Our daily round-up of news from the art world
Reliquary with queen’s heart stolen from Nantes museum | A 16th-century gold case containing the heart of Anne of Brittany has been stolen from the Thomas-Dobrée Museum in Nantes, the Telegraph reports. Upon her death in 1514, Anne – the only queen of France to have been crowned twice – was buried at the Basilica of St Denis, outside Paris; however, in accordance with her wishes, her heart was interred in her parents’ tomb in Nantes. Philippe Grosvalet, the president of the Loire-Atlantique department, described the inscribed oval case as being ‘of inestimable value’, having narrowly avoided being melted down during the French Revolution. According to reports, thieves broke into the museum over the weekend and, despite setting off the alarm, made off with the artefact along with a golden Hindu statue and a collection of gold coins.
Joseph Beuys estate obtained by Galerie Thaddaeus Ropac | Galerie Thaddaeus Ropac has announced that it is to represent the estate of Joseph Beuys, ahead of a major new exhibition opening at its London premises on 17 April. Ropac, whose gallery has spaces in Salzburg, Paris, Pantin and London, will be the first dealer to represent Beuys’s family, who have controlled the artist’s estate since his death in 1986.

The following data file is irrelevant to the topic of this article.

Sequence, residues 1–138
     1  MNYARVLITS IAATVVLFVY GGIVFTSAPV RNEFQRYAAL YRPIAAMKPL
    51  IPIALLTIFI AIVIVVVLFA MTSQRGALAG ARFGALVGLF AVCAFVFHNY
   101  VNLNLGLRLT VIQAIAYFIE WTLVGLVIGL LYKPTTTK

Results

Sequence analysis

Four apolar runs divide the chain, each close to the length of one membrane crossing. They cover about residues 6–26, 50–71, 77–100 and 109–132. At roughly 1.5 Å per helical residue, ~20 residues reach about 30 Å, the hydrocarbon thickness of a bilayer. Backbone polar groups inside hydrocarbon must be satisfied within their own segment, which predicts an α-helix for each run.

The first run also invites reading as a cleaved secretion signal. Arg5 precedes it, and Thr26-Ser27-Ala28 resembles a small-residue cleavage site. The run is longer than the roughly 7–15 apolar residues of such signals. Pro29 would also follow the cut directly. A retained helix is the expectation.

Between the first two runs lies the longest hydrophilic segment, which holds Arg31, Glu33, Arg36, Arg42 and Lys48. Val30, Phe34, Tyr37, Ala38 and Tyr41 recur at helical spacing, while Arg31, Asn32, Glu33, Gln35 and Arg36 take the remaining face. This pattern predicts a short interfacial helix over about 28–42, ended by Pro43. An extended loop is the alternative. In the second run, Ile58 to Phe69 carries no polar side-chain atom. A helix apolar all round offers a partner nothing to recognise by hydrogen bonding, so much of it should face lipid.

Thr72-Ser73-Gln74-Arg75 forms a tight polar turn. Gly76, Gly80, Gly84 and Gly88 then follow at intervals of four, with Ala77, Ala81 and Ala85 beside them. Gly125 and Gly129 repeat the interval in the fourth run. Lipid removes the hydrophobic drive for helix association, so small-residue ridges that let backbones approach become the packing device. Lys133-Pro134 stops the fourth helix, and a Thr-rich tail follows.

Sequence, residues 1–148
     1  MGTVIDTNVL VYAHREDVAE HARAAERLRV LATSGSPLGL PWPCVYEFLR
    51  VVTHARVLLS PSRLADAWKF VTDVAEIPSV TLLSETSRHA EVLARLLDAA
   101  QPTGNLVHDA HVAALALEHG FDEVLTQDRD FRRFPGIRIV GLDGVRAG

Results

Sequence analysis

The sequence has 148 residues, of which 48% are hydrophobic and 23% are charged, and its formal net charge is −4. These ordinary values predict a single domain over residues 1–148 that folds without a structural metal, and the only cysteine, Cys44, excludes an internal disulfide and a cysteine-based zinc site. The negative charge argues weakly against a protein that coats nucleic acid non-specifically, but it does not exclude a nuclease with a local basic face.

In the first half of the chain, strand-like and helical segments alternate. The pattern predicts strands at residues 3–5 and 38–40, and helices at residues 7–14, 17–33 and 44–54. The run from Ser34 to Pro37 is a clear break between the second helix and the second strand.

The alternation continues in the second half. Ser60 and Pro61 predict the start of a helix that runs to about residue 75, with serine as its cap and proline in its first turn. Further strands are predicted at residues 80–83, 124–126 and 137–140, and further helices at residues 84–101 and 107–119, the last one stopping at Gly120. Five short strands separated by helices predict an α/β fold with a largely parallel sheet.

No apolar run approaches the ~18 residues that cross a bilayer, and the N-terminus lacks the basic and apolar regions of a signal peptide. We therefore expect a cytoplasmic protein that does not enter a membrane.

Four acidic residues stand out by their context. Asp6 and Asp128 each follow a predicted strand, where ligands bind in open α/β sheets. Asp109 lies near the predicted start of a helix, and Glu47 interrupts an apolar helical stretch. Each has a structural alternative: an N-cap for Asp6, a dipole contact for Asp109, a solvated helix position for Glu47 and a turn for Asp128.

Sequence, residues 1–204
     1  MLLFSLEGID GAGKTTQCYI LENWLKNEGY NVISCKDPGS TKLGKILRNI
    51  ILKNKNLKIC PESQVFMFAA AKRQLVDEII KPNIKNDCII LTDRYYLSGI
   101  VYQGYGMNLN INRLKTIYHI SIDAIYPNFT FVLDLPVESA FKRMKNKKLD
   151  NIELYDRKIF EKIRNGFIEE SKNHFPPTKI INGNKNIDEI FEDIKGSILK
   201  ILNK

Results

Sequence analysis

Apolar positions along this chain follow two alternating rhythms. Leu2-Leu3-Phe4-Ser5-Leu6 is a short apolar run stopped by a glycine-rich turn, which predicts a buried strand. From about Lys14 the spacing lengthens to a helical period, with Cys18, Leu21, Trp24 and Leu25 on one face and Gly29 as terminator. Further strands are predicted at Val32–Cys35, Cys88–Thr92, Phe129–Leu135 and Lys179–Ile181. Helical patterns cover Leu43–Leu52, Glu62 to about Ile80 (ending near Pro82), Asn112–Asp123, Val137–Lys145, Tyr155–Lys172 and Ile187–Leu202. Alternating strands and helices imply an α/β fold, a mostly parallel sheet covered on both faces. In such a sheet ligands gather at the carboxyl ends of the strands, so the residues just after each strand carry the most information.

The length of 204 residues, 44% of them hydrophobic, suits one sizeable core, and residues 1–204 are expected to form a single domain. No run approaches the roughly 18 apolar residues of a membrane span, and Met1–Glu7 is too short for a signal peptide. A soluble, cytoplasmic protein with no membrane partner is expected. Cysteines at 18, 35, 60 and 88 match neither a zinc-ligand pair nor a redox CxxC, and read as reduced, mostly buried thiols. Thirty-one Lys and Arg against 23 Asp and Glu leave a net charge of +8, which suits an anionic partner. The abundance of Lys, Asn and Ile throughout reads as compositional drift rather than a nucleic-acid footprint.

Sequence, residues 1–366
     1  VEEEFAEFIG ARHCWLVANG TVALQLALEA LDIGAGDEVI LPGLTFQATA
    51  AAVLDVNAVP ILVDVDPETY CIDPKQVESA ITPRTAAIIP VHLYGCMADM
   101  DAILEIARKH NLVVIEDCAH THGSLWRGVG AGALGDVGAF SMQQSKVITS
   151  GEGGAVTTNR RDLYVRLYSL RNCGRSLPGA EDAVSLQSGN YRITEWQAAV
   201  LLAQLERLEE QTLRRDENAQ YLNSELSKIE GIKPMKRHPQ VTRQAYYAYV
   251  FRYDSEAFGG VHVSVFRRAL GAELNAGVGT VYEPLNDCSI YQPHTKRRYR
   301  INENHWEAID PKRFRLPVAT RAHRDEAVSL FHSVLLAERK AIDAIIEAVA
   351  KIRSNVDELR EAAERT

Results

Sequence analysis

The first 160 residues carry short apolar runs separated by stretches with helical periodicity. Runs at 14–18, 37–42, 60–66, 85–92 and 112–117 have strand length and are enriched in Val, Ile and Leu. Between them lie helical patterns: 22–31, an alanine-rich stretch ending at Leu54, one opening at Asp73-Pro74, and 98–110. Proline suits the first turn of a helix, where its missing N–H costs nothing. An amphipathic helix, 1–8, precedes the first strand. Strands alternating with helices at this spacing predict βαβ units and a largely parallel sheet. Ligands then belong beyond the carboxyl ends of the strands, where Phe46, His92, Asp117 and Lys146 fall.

London museums in Grenfell Tower tribute discussions | Curators from the V&A, Science Museum and Museum of London have offered their expertise to help preserve the makeshift tributes left in the aftermath of the Grenfell Tower fire, the Times reports. Memorials left by relatives of the deceased, including written messages and soft toys, have begun to deteriorate, prompting discussions regarding their conservation and potential removal to a museum.
High Museum unveils plans for reinstallation of collection | The High Museum of Art in Atlanta has announced plans to carry out a comprehensive reinstallation of its collection galleries, to be designed by Selldorf Architects. Notable features of the unveiled redesign, expected to be debuted in October 2018, include a new photography gallery and a ‘black box’ space for new media works.
Recommended reading | In the Guardian, British Museum director Hartwig Fischer talks to Charlotte Higgins about major renovation plans in the offing, and why he believes we should still consider the institution a ‘museum of the world for the world’. Meanwhile, in the London Review of Books, Jeremy Harding reviews the exhibition at the Centre Pompidou of photographs by David Goldblatt, who documented the racially divided, industrialising society of South Africa between 1946 and 1972.